The 1998 Mitsubishi 3000 GT is a sports car that was introduced in 1990 by Japanese automaker Mitsubishi Motors. The car is also known as the Mitsubishi GTO in other markets. It was sold in the United States as a captive import called the Dodge Stealth until 1996. The history of the 1998 Mitsubishi 3000 GT can be traced back to the Mitsubishi HSR and HSX concept cars that were unveiled to popular success in the 1989 Tokyo Motor Show. After the positive reception, Mitsubishi began developing a sports coupe that could compete with the Honda NSX and other similar sport coupes.
Body Styles: coupe
Engines: 3.0-liter V-6
Transmissions: six-speed manual, four-speed automatic, five-speed manual
Models: Mitsubishi 3000 GT, Mitsubishi 3000 GT SL, Mitsubishi 3000 GT VR-4
There are almost no changes to the 1998 Mitsubishi 3000 GT, except for the addition of a standard power sunroof for the SL and VR-4 models.
The 1998 Mitsubishi 3000 GT is undeniably good-looking on the outside with its sleek styling and aerodynamic design. It has a wheelbase of 97.2 inches and an overall length of 181.1 inches. It has a width of 72.4 inches and a total height of 50.6 inches.
The 1998 Mitsubishi 3000 GT's interior is set low. The front seats are a snug fit, with little extra room for the legs or feet. Headroom is a little extra thanks to the low placement of the seats. The rear seats offer so little room that it end up being a showpiece rather than a useful part of the car. The low-slung styling of the car does offer headroom, but it also makes entry and exit a little problematic. Inside the car, it is clear that the cabin uses some high quality materials. The seats are supportive yet comfortable; the gauges are well placed, and it's clear to the driver. The controls are nicely spaced, too. The SL and VR-4 models get liquid crystal readout for the automatic climate control system, which is difficult to read. Moreover, the lack of contrast makes it even more difficult to view in daylight. Moreover, the stereo controls are mounted too low, and its controls are too small.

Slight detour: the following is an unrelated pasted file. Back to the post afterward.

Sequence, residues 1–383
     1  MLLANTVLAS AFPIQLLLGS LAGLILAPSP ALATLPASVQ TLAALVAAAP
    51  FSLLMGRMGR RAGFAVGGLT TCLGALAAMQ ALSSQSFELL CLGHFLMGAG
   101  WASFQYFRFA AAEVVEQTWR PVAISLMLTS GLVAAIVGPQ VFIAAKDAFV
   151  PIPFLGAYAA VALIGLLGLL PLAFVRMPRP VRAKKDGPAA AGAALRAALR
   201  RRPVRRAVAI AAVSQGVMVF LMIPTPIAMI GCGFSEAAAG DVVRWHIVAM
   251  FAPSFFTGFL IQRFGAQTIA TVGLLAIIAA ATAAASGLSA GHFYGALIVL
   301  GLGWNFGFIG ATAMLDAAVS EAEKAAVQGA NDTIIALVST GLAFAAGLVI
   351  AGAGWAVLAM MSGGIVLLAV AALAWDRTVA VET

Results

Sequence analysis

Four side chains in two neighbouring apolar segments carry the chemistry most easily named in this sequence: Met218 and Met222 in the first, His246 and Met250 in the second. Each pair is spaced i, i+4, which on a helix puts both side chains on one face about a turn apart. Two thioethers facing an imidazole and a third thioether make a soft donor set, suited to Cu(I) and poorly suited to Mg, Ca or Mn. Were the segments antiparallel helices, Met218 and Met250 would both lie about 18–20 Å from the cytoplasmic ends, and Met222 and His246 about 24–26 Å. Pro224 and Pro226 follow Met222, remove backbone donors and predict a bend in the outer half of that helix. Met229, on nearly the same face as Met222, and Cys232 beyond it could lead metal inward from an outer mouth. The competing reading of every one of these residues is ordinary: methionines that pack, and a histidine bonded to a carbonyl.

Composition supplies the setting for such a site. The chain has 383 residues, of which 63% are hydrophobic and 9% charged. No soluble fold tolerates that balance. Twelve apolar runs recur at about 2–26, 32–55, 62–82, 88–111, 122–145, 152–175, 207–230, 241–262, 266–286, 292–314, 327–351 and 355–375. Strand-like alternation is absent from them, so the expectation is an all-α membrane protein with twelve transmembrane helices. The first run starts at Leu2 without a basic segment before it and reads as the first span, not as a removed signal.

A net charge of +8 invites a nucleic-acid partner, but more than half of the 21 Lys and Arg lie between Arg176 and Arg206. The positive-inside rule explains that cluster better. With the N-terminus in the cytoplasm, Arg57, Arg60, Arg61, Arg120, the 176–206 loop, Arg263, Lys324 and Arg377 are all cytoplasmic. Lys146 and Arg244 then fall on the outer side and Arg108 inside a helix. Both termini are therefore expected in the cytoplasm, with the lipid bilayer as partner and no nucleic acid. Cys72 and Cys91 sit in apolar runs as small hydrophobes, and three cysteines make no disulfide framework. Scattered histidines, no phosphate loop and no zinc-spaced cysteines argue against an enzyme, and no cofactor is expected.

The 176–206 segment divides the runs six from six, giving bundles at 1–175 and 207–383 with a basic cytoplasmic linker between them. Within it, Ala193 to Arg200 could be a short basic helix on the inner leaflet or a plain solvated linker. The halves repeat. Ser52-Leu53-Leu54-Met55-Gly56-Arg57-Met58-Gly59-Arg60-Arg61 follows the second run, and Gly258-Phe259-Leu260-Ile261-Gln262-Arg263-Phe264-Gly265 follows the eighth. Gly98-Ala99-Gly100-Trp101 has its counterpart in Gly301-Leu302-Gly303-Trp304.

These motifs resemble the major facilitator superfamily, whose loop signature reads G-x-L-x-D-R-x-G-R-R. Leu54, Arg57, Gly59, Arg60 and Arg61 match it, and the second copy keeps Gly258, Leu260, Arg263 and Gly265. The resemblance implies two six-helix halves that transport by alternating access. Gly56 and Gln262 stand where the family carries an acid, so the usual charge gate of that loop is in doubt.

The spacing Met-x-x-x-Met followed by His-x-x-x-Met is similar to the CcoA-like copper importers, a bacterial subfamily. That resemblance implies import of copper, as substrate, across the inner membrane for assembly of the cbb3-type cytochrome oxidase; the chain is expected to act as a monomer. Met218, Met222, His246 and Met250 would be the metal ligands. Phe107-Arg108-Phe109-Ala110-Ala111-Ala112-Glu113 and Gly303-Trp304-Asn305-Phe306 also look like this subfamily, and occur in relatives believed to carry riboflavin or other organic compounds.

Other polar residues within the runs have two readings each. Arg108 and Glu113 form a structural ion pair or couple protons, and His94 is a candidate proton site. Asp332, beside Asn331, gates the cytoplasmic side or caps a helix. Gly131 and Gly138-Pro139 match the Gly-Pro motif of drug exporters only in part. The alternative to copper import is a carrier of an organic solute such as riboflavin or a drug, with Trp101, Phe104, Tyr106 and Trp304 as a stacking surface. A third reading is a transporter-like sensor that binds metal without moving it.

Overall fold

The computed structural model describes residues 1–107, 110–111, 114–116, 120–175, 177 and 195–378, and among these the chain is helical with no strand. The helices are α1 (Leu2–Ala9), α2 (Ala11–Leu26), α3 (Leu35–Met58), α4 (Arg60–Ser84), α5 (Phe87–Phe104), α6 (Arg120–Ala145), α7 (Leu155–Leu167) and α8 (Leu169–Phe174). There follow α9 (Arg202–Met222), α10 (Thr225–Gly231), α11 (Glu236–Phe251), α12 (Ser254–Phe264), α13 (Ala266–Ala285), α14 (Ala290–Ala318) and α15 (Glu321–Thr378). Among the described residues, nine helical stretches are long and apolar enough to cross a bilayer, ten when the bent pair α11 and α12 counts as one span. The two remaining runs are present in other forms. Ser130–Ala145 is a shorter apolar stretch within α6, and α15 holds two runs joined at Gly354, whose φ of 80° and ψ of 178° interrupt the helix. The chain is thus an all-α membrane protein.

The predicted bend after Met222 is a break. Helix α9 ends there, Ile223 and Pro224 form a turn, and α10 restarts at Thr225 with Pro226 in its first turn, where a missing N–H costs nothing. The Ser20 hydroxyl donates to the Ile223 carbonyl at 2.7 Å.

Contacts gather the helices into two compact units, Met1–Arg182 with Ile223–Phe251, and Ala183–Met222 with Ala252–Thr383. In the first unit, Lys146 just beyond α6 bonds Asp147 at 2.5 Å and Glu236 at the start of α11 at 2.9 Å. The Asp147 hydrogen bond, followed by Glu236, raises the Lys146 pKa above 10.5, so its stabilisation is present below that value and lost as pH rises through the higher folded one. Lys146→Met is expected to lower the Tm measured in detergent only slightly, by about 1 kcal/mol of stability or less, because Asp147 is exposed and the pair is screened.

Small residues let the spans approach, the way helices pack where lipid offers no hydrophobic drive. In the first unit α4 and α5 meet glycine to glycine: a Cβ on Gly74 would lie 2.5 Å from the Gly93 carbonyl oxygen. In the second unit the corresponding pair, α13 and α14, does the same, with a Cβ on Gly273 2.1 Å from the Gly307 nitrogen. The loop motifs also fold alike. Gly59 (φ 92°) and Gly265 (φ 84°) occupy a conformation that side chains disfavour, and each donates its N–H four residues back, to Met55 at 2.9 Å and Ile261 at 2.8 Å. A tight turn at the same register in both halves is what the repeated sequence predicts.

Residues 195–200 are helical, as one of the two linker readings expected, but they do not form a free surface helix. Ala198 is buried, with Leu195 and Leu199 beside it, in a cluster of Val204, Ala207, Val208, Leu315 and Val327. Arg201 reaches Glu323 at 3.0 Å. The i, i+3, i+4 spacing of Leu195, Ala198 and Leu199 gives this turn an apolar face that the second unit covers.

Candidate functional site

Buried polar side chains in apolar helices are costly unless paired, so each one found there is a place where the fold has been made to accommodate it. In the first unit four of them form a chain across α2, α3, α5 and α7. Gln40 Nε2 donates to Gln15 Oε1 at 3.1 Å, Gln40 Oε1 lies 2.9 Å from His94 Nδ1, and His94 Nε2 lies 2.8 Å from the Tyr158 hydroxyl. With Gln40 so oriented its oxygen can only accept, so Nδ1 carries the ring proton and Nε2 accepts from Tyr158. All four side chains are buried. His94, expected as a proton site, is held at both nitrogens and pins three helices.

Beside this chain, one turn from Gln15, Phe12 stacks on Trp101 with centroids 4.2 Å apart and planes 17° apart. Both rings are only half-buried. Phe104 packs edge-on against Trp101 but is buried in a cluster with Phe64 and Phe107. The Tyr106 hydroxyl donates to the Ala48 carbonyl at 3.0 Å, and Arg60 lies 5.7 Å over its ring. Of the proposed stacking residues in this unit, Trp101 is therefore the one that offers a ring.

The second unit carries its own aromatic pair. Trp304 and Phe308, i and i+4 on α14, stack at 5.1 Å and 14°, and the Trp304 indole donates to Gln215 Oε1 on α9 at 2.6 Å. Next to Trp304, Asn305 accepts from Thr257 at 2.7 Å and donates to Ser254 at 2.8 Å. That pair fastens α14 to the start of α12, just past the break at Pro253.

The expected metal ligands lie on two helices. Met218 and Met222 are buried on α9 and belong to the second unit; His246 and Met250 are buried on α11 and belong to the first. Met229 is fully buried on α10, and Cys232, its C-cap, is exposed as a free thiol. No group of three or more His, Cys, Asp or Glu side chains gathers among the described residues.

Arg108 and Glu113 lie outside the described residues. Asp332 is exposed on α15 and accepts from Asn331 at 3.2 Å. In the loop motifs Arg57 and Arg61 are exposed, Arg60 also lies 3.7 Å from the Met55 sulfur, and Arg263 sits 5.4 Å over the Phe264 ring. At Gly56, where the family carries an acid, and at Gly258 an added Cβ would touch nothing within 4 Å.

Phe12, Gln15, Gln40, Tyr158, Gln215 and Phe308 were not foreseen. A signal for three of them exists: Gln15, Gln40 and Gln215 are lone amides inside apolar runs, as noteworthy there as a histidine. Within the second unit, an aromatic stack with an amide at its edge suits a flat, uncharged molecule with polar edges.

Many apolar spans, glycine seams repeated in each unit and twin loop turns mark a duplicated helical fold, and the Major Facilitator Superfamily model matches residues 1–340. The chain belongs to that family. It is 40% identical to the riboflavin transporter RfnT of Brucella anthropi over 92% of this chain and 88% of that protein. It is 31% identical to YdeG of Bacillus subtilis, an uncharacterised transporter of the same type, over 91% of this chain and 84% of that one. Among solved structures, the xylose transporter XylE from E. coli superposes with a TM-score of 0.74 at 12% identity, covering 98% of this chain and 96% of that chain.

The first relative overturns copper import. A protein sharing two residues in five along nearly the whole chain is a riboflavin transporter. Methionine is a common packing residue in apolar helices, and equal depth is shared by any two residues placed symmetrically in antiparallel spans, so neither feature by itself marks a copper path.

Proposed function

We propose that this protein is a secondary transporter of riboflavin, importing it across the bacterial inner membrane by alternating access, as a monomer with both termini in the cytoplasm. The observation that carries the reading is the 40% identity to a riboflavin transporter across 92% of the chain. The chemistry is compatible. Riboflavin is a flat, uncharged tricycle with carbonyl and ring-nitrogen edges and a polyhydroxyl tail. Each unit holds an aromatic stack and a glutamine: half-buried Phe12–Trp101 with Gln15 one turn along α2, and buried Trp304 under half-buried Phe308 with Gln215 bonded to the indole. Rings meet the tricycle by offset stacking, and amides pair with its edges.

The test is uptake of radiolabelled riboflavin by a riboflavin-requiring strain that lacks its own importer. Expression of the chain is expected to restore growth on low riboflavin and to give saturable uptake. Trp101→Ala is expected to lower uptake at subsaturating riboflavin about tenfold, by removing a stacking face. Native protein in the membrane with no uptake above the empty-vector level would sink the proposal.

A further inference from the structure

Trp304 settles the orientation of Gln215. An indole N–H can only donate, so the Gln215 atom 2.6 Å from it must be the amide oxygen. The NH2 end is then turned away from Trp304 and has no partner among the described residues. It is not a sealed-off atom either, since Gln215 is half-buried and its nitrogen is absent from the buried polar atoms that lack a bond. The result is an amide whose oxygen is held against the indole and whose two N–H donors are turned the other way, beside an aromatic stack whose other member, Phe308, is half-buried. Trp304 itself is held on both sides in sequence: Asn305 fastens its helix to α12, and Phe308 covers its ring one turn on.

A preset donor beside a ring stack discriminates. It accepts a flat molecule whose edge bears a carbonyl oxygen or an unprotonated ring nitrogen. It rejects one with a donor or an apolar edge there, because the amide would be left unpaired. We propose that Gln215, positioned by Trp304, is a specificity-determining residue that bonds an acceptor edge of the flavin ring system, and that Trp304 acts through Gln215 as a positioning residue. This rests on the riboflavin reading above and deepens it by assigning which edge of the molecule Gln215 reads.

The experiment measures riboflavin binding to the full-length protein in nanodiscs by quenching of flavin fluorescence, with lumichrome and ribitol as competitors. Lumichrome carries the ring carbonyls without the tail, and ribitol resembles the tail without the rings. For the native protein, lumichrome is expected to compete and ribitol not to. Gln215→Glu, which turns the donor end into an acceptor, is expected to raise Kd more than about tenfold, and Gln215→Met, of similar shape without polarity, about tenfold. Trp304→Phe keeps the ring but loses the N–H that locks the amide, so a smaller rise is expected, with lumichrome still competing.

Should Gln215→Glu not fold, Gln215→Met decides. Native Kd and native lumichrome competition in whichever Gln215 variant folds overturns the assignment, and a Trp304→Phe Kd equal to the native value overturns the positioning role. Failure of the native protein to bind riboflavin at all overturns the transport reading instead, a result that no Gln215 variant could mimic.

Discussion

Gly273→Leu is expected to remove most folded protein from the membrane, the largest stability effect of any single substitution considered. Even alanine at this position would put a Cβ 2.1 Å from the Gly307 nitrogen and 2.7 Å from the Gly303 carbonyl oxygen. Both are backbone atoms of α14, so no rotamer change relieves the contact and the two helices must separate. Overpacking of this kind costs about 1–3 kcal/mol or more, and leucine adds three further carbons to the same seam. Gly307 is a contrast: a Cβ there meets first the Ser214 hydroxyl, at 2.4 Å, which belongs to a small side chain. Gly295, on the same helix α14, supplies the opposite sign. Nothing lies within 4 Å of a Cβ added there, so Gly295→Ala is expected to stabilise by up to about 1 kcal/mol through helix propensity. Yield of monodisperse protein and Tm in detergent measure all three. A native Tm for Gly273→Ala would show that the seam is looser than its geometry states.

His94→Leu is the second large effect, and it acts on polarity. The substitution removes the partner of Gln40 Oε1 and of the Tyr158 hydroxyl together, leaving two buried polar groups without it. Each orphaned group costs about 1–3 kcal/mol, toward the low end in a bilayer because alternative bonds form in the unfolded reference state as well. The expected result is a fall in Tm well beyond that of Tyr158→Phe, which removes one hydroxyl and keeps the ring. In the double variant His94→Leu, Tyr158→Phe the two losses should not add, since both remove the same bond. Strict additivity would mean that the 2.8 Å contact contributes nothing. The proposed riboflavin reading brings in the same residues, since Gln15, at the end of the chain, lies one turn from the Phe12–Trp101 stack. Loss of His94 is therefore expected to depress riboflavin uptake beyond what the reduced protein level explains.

Performance & Handling
The base model of the 1998 Mitsubishi 3000 GT is fitted with single-overhead cam three-liter V-6 engine that delivers 161 horsepower and 185 lb-ft of torque. The midrange models get a dual-overhead cam V-6 engine that delivers 218 horsepower and 201 lb-ft of torque. Both engines are available with either a four-speed automatic or a five-speed manual transmission. The VR-4 model in particular gets a turbocharged version of the same engine that delivers 320 horsepower and 315 lb-ft of torque. This engine is only available with a six-speed manual transmission.
The VR-4 model, with its turbocharged engine, is a fun car to drive. It can go from standstill to 60 mph in 5.6 seconds, making it very quick. Surprisingly, the car is quite stable and quiet, so much so that the speed becomes deceptive. In other words, it becomes difficult to realize just how fast the car is going sometimes. The all-wheel drive and four-wheel steering offers precise and secure steering for maneuvering tight corners. The brakes are good, too, although the heavy curb weight of the car makes the brakes a little less effective. However, the steering is a little vague for all models except the front-drive SL, and fuel economy is more or less non-existent.
The 1998 Mitsubishi 3000 GT is fitted with dual airbags and anti-lock brakes for the SL and VR-4. The brakes are optional for the base coupe. The car received a full five-star rating for driver safety and a mediocre three stars for passenger safety during frontal impact tests conducted by the NHTSA.
EPA Fuel Economy
Mitsubishi 3000 GT: 18/24 mpg city/highway
- Anti-lock brakes are standard, except in the base model
- Powerful performance
- All-wheel-drive system of the VR-4
- Good handling and steering
You Won't Like
- Poor fuel economy
- Lack of room inside
- High price tag
A Japanese sportster with endless potential.
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